If you're still reading, you're probably wondering why I'm on such a rant about preschool right now. Education is something that I feel very strongly about and I feel as though every parent should know what they are signing their kids up for when it comes to preschool. If you want your child to have a chance to socialize, the Y has great recreational programs and has good wholesome core values. Mom's Day Out programs are great ways for your child to socialize, but don't expect that if that's all that your child attends before kindergarten that they will be in the same ballpark as others. But, if it's preschool that you're signing up for, I challenge you to really think about the purpose...yes, it is so that your child has an opportunity to socialize, but it's also so much more. For the longest time I've said that I worry more about Johnny being able to play well with others and trust that the skills can come later. I've changed my outlook on this after reading and spending time with teachers who are in the trenches with the kids that we really worried more about learning to share than to develop the necessary skill to prepare them for the next stage in their educational career. I'm sure some readers will want to throw a book at me with what I have to say next, but I feel very strongly about it, so hopefully I'll have a chance to duck and cover.


The NAEYC Position Statement on Developmentally Appropriate Practice in Early Childhood Programs states:

"Teachers who are knowledgeable about child development and learning are able to make broad
predictions about what children of a particular age group typically will be like, what they typically will and won’t be capable of, and what strategies and approaches will most likely promote their optimal learning and development. With this knowledge, teachers can make preliminary decisions with some confidence about environment, materials, interactions, and activities." They go on to say, "A hallmark of developmentally appropriate teaching is intentionality. Good teachers are intentional in everything they do—setting up the classroom, planning curriculum, making use of various teaching strategies, assessing children,
interacting with them, and working with their families. They are able to use a variety of strategies. Intentional teachers are purposeful and thoughtful about the actions they take, and they direct their pedagogy toward the outcomes the program is trying to help children reach."

Duck and cover...

Yes, I am saying that our preschool teachers need to be knowledgeable in child development (babysitting when you were 12 doesn't count) and need to be trained in developmentally appropriate practice. What is your child's preschool teacher doing to stay current in developmentally appropriate practice? If your child's preschool doesn't have licensed teachers, then please make sure that they have a lot of experience before you pay the big bucks to send your child to their program. The crafts may be cute, but I can guarantee that they can make cute stuff at home.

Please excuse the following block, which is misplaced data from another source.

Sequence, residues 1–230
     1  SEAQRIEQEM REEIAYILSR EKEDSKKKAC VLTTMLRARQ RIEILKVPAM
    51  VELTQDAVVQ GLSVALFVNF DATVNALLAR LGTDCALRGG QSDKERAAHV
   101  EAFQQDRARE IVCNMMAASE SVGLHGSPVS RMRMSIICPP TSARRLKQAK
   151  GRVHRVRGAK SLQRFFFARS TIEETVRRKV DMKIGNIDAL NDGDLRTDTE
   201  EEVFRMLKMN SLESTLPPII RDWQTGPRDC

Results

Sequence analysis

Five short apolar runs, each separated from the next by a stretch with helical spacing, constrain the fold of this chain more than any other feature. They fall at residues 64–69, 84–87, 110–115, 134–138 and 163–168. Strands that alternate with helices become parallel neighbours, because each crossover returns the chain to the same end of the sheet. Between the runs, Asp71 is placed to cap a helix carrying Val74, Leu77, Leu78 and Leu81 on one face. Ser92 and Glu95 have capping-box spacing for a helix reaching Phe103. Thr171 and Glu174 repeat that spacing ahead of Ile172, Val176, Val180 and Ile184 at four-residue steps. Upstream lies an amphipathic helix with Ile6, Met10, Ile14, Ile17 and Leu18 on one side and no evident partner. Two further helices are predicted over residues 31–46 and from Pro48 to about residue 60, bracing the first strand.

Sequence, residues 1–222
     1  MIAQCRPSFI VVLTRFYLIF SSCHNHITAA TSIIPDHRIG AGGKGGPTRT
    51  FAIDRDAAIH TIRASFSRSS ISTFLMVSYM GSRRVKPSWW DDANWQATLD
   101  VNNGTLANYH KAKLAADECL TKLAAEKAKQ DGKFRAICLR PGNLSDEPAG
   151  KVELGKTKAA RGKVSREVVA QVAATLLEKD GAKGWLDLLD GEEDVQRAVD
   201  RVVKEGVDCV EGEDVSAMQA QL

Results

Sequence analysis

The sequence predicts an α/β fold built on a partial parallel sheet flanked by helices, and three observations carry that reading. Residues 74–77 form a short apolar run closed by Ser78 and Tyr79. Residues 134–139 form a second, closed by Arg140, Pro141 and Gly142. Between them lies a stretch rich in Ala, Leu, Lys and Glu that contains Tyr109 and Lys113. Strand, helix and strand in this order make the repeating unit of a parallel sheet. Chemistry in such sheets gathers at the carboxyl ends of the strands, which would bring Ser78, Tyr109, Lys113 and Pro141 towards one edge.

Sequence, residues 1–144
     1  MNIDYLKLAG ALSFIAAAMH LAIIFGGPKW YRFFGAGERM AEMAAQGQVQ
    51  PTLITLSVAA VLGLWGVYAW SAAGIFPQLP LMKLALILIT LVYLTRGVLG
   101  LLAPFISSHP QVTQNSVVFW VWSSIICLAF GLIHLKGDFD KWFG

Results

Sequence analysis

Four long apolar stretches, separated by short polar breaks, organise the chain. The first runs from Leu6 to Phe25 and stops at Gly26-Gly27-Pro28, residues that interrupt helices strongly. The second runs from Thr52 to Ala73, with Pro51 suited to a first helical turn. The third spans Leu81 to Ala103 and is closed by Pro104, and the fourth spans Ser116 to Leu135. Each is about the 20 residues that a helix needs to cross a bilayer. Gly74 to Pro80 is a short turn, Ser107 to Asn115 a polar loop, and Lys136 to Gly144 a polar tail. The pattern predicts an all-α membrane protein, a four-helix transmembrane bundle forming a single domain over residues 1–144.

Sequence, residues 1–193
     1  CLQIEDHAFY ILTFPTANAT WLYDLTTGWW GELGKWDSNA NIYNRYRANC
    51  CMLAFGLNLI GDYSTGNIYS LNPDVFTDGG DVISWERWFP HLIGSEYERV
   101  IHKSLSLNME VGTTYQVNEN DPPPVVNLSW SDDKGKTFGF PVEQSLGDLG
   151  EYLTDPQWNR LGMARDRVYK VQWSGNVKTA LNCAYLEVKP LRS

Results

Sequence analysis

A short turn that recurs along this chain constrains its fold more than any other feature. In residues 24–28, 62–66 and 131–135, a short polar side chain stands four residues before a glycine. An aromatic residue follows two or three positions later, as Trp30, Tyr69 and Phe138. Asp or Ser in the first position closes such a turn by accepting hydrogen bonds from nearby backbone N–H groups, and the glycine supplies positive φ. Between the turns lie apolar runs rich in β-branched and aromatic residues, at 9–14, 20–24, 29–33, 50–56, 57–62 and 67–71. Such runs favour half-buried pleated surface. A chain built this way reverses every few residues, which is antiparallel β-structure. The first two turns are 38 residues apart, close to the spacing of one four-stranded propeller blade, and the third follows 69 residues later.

Yes, we are talking about preschoolers here and not 4th graders. I know that you're thinking that I'm nuts and expecting too much from a 3-5 year old. Think it now, because when that child is in 1st grade and struggling to read it's too late. We can plow ahead but we can never go back and setting our children up for success is too important. Literacy is the foundation for every other academic area your child will experience during his educational career. If he can't read, he'll struggle in math, science, art, social studies, and the list goes on.

Just remember that preschool is only a few hours a few days a week - you're not signing your child's life away, so make those few hours during those few days as meaningful and fruitful for your child as possible. As you plan for the fall and start to think about preschool, please consider the costs...and I don't mean tuition.

2 comments:

carol said...

So, after that dear readers, I recommend Meridian Hill Nursery School Co-op. Maegan attends kindergarten there and it's wonderful. There is a wonderful mix of hands on learning, free play, beginning to read, science experiments, music, math, and a very involved parent community to support the school.
Spencer is going to their 3's class next year.

Alison said...

It makes me wish I would have spent more time in Carolyn's classroom this year! :-) I know that she's had a great (licensed) teacher and has learned so much. Her teacher seems to think she will succeed very well in Kindgergarten. I really appreciate all you've said. I think I've convinced myself at times that "they won't really be affected" if...and that it just bothers me that...This has got me thinking more about how that ... really does affect them! (Does that even make sense??) :-) I have always appreciated your opinions and ways you express the things you are passionate about and this is no exception! No need to "duck and cover" for caring enough about your friends and their children to only want what is best for them.